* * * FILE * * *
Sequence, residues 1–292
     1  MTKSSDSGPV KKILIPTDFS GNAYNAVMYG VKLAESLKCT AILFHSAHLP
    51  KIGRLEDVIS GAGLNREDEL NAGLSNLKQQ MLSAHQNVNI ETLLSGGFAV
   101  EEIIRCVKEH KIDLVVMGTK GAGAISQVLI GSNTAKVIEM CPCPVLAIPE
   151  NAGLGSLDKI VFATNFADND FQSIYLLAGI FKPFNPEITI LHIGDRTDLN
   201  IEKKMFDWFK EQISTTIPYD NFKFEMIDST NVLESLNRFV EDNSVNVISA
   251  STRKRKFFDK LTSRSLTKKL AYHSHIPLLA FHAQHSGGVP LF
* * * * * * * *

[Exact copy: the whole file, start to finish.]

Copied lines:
Sequence, residues 1–292
     1  MTKSSDSGPV KKILIPTDFS GNAYNAVMYG VKLAESLKCT AILFHSAHLP
    51  KIGRLEDVIS GAGLNREDEL NAGLSNLKQQ MLSAHQNVNI ETLLSGGFAV
   101  EEIIRCVKEH KIDLVVMGTK GAGAISQVLI GSNTAKVIEM CPCPVLAIPE
   151  NAGLGSLDKI VFATNFADND FQSIYLLAGI FKPFNPEITI LHIGDRTDLN
   201  IEKKMFDWFK EQISTTIPYD NFKFEMIDST NVLESLNRFV EDNSVNVISA
   251  STRKRKFFDK LTSRSLTKKL AYHSHIPLLA FHAQHSGGVP LF